NYC Midnight Flash Fiction Challenge 2018

Hello everyone! Sorry for the long delay between posts. I’ve been busy this summer. Some of it was even with writing! I’ll update more on that later. For now, I’m getting geared up for Round Two in the NYC Midnight Flash Fiction Challenge. We just received our scores and feedback on Round One, so I thought I’d share with you. My assignment was:

Genre – Mystery
Location – a skywalk
Object – a syringe
Word count – 1000 max

I placed #9 out of about 30 people in my category and will be taking 7 points with me as I go into Round Two tomorrow night. The feedback I received from the judges will follow the story. Please have a read and let me know what you think in the comments!

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“Via Ferrata” by S.C. Jensen

 

Amy startled awake. Shards of glass pressed against her cheek and she stiffened, terrified to move. No. Not glass. Cool air, thick with earthiness, permeated her senses. Rock. Sharp Rock.

Her fingers scrabbled against gravel. Amy tried to push herself off the ground. A shockwave burst behind her eyes in kaleidoscopic spirals of pain. She couldn’t think where she was; it was as if something has plucked her out of her normal life and dropped her in a hole.

Crevasse.

It came to her suddenly, like turning on a switch. Mount Tribute, Sam’s new-hobby-enthusiasm, the Skywalker Club. Had she fallen on a skywalk? The rungs of the via ferrata had looked like they were rotten with rust in places, but Sam had been certain everything was safe. You’re just being negative again. Why are you such a wet blanket all the time? Can’t you at least try to have fun?

Am I having fun yet, she wondered, bitterly.

“Sam?” Amy’s voice rasped. Her tongue filled her mouth like a lump of dry dirt. She swallowed and tried again. “Sam!”

No reply. Water trickled somewhere; the gentle susurrus made her throat ache desperately. How long had she been down there? Where was Sam? Probably gone for help already. He’d get her out of there. It was only a matter of time.

Amy peered into the darkness around her, waiting for her eyes to adjust to the thin, grey light at the bottom of the fissure. Pain screamed in her skull as she craned her neck to look upward. A crack of blue sky teased just at the edge of her vision. Then it disappeared in an explosion of black spots. Amy closed her eyes against a wave of nausea.

She wiggled her right arm underneath her chest for leverage and pushed hard against the rocky surface. Jolts of searing pain shot from her head down the left side of her body. Her left arm didn’t move at all. Amy rolled herself onto her back and slowly, excruciatingly, managed to sit up.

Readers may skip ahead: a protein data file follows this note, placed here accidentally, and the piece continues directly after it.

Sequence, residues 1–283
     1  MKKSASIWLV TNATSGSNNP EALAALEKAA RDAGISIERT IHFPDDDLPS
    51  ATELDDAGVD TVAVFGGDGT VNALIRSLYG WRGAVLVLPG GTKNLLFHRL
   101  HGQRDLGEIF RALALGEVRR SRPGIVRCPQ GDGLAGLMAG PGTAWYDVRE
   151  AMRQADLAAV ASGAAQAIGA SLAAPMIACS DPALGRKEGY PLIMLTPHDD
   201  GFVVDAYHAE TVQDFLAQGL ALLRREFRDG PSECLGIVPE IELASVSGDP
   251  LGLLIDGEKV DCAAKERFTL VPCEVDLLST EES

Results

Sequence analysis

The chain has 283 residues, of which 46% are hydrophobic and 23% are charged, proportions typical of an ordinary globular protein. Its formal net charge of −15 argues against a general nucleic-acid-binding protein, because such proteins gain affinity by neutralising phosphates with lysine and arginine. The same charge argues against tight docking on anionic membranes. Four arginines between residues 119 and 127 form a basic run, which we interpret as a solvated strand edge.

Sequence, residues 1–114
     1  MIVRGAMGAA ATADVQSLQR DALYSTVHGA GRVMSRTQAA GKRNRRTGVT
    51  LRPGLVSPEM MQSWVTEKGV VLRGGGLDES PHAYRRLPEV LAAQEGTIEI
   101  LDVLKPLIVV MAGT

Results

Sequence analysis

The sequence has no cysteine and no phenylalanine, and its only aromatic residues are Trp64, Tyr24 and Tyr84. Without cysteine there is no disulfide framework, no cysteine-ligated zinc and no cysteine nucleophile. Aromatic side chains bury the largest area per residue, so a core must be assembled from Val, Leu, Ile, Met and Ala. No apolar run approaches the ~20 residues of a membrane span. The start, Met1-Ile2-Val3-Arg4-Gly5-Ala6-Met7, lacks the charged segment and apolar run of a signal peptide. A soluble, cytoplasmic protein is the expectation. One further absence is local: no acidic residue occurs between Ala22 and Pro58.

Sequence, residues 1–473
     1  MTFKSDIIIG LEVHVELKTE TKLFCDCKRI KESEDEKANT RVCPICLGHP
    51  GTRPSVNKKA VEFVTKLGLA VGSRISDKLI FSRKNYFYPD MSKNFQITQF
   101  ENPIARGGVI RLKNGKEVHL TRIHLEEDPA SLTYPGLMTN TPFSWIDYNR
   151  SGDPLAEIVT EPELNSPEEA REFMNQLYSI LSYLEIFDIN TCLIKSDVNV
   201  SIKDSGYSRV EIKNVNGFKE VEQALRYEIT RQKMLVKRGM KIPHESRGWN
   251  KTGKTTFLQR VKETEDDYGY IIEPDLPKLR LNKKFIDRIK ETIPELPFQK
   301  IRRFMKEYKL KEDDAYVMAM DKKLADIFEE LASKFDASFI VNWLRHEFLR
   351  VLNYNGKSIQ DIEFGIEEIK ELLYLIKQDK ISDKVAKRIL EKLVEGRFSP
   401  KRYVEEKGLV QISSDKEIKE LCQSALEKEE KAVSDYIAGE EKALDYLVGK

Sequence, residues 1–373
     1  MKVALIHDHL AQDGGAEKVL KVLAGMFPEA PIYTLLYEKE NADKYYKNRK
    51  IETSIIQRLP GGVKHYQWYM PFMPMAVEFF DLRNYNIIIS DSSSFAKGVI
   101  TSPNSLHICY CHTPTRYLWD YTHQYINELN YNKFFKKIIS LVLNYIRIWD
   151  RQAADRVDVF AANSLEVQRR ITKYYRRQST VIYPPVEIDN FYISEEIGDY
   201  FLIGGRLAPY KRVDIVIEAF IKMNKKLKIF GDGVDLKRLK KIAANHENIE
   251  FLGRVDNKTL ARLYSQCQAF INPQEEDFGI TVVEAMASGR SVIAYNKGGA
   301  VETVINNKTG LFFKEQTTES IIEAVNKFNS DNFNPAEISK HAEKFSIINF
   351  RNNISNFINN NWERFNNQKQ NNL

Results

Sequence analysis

It figured she was the one stuck at the bottom of a hole. She hadn’t wanted to come on this trip in the first place. Sam insisted and, as always, got his way. It would build trust, he’d said. Bring them closer as a couple, he’d said. Why couldn’t they build trust at the symphony?

Amy needed water. And drugs. Insulin. When was her last injection? Was there ibuprofen in her first aid kit? Better yet, there was Morphine. It’s just a precaution. You never know. If she had her backpack she could find something. A jacket, too. Her whole body trembled. It was cold, and she was going into shock.

Why didn’t she have her backpack? Had it come off when she fell? That didn’t seem likely. She always had the chest and hip belts fastened. She hated when the weight of her bag shifted, pulling her this way and that. As if she didn’t already feel off-balance up there.

God dammit, Sam! This was the last time she’d give in to one of his schemes. She should have just gotten on the plane. New job, new city, new life.

Sam was livid when she’d told him.

But after he cooled off, he’d begged her to stay. Just one more month, he’d said. They’d join the Skywalkers. Do something epic together. Remember why they fell in love, he’d said. You’re always so quick to quit. Don’t the last five years mean anything to you? You can’t always just run away from your problems, Amy. Sometimes you have to stand up and face them. She’d heard it all before.

The guilt won out. It always did. He was right, wasn’t he? Sam tried so hard to make things work. When is the last time you thought about anyone but yourself? Not since her diagnosis, she could admit that much. Diabetes wasn’t fatal, but it made Amy consider the brevity of life. Was this how she wanted to spend hers? Was Sam who she wanted to spend it with?

A shaft of sunlight pierced the surrounding pitch so suddenly it startled her. The hot, white midday sun hovered directly over the mouth of the crevasse. Amy stared at it dumbly. Midday. When had she fallen? Morning?